Where do you find serenity? Webster defines
serenity as, ‘the state of being calm, peaceful, and untroubled’.
I have just returned from a trip of celebration with my Mom (70), me (50), and my daughters aged 18 and 16. We have been planning this trip for over a year. One of my favorite aspects was the serene places we found. While in the Redwood Forest it was awe inspiring and silent. Even though there were other people in the forest, somehow we couldn’t hear them if we weren’t beside them. To be in the midst of those giant trees and surrounded by giant ferns, it was so calm, awe-inspiring, and yes, serene.
The Redwoods were protected from excess logging by conservation efforts including the formation of the Redwood National Park in 1968. Then President Nixon dedicated a grove in the park to Lady Bird Johnson. Here is a quote on a plaque in that grove that struck me:
‘One of my most unforgettable memories of the past years is walking through the Redwoods last November – seeing the lovely shafts of light filtering through the trees so far above, feeling the majesty and silence of that forest, and watching a salmon rise in one of those swift streams – all our problems seemed to fall into perspective and I think every one of us walked out more serene and happier.’ Lady Bird Johnson, July 30, 1969
The part that grabbed my attention was, ‘all our problems seemed to fall into perspective…’
When was the last time you felt truly serene? How often do you slow down and allow yourself to just truly relax? What are the places or activities that bring you to that place of serenity?
Serenity and health
When you are calm, peaceful, and untroubled your whole body benefits. Your blood vessels relax, your blood pressure lowers, you breath more deeply, and your think more clearly. Your immune system is more active and you sleep more deeply.
I have been fascinated by the book, ‘The God-Shaped Brain’ by Dr. Timothy R. Jennings who is a psychiatrist and psycho-pharmacologist. He makes a compelling case that directly relates to serenity and health. He describes which part of your brain is working for you to think, reason, and plan. There is also a part that allows you to experience empathy, compassion, and love. When you are serene, these parts of your brain are fully operating.
When you are stressed, other parts of your brain take over. They put you in ‘fight or flight’ mode so that you are fully alert and ready to tackle the source of the stress. You were designed to have this stress alarm triggered only in rare truly life-threatening situations. However, in today’s society, so many of us are under constant stress. This system starts taking over our brain on a regular basis. As this stress system takes charge of your brain, your ability to think clearly, calmly, and to genuinely relate to others declines.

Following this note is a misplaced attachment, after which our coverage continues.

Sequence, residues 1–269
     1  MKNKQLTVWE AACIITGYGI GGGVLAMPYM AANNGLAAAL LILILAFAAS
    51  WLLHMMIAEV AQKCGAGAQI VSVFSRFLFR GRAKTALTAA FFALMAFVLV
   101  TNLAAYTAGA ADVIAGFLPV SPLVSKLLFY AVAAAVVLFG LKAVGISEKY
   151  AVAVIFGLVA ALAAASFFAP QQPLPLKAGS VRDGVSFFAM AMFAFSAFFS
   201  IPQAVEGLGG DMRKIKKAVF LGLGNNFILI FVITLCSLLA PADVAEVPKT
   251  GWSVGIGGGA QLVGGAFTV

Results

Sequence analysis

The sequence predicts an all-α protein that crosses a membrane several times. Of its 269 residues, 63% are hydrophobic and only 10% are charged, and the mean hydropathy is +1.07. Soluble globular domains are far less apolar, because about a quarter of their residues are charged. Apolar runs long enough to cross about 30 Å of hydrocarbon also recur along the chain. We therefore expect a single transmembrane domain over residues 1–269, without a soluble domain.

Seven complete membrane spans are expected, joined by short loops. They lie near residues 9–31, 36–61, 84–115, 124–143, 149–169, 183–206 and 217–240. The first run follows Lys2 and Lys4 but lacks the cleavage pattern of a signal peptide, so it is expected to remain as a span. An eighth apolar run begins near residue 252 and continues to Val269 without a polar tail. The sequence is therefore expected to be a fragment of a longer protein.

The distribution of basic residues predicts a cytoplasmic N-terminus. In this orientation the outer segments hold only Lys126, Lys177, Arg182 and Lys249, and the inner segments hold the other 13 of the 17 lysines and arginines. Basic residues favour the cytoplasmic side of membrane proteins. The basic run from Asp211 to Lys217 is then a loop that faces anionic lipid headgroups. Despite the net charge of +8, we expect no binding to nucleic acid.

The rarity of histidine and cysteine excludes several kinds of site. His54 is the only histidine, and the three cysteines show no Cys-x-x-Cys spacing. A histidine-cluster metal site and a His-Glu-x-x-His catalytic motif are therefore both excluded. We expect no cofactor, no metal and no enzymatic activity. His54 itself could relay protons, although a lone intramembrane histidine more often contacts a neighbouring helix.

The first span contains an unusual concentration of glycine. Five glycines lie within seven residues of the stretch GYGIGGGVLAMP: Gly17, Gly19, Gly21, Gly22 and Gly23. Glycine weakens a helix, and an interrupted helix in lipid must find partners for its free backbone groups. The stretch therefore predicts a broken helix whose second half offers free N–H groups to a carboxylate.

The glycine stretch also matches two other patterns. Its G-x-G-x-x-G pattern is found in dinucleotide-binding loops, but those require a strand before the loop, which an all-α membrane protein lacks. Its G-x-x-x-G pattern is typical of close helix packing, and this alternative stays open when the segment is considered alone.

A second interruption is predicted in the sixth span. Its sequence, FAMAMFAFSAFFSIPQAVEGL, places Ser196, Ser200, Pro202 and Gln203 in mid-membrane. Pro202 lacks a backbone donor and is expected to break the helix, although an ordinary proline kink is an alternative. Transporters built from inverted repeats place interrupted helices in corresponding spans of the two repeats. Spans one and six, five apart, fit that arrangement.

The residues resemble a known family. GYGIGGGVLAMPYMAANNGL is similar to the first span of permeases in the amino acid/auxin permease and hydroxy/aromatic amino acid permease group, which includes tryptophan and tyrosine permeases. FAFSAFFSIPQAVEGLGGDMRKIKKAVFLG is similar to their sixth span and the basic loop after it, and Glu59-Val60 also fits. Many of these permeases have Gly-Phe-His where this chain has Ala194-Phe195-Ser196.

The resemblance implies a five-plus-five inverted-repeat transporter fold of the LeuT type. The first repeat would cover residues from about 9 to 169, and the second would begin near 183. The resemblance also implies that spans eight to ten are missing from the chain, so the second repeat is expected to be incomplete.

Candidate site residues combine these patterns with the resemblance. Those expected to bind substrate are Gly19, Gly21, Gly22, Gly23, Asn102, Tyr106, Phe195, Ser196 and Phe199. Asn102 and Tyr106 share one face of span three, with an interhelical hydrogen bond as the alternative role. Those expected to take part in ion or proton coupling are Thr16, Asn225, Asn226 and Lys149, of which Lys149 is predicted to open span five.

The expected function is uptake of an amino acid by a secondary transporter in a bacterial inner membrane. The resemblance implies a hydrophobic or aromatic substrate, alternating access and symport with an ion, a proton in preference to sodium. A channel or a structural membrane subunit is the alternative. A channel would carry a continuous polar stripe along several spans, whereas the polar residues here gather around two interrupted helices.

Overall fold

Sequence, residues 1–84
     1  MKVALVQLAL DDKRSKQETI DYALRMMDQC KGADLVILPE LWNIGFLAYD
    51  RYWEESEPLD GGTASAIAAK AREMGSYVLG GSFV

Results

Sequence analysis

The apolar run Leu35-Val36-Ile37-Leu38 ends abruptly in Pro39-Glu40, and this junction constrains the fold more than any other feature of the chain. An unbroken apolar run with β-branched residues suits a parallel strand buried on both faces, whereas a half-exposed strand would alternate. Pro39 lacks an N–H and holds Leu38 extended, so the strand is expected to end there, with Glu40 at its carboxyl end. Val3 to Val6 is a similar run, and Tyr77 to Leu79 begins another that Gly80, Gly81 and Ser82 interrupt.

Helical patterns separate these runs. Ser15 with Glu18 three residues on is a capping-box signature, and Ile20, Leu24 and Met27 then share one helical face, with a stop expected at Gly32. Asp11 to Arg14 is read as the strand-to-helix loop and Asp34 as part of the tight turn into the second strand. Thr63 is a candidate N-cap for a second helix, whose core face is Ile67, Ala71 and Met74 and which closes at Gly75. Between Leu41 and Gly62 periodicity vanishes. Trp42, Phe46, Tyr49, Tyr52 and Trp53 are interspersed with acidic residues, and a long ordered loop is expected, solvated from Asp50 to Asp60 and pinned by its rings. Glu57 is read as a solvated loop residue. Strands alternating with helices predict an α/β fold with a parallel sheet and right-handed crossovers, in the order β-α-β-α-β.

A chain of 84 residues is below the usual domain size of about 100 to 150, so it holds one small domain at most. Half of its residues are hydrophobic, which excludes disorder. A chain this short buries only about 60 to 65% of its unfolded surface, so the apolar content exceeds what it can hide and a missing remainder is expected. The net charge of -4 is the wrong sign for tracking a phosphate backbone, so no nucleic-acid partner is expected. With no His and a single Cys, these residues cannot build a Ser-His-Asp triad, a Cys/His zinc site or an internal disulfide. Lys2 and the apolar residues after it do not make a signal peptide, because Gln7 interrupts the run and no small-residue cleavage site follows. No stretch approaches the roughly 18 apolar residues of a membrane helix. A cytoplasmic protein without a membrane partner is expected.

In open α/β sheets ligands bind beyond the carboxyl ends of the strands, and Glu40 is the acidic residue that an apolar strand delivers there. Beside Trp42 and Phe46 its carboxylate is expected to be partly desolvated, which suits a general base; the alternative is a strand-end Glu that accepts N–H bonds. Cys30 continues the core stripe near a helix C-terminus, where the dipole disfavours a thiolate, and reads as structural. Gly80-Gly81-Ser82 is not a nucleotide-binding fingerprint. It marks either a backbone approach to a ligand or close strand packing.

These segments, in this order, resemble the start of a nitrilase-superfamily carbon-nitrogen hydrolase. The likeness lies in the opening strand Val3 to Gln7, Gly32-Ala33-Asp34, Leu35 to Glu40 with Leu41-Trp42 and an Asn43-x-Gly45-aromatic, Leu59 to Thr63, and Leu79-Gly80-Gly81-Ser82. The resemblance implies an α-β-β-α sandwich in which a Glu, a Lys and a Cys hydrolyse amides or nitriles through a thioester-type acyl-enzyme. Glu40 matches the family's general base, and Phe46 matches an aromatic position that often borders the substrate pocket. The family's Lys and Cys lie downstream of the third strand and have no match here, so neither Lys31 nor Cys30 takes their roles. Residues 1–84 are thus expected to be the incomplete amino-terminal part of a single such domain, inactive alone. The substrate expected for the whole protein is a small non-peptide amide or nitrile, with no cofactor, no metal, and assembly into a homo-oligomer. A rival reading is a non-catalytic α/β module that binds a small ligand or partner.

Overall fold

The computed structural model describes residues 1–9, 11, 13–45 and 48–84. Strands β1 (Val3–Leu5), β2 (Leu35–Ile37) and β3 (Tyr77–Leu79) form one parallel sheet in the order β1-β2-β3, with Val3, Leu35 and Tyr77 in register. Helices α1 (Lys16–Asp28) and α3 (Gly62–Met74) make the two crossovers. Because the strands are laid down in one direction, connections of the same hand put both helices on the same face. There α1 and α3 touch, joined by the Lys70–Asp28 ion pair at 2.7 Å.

You have the power to give your stress signals a rest. As you do, and the more you do, the better your brain will function. You will be able to think through problems, plan, and prioritize. You will feel more connected to your own feelings, be able to manage them, and relate more to other people.
One of the best parts is that you will be free to think less about your own needs and more about the needs of others. That has been explored in previous blogs and will be explored again. There is a mountain of evidence that this is very good for your health!
The Role of Medications
There are many medications available to you that in some way target your mood, your anxiety, your depression, your anger, your emotions, and/or your reactions. These have a role. They cannot produce serenity. They cannot remove your stresses or your responses to them. They can help you cope. They are most effective when combined with therapy that can help you decrease the control of your stress response in your brain and let your thinking and loving parts of your brain resume control.
When medications are used, they should be used with great care and at the best doses. Your best medication and dose depend on several factors:
- your kidneys and how they function
- your liver and how it functions
- side effects you might experience
- your allergies
- interactions with your other medications and your other medical conditions
- evidence (studies that have been done to demonstrate what works best in a situation like yours)
The Role of Meds MASH
At Meds MASH a medication-use expert who is specialized in people over age 60 will help you and your doctor make sure the best, safest, most effective medication is used and only for the time period necessary. Meds MASH specialists can also help you find the counseling component you need to go with your medications.
For further application, check out my personal blog.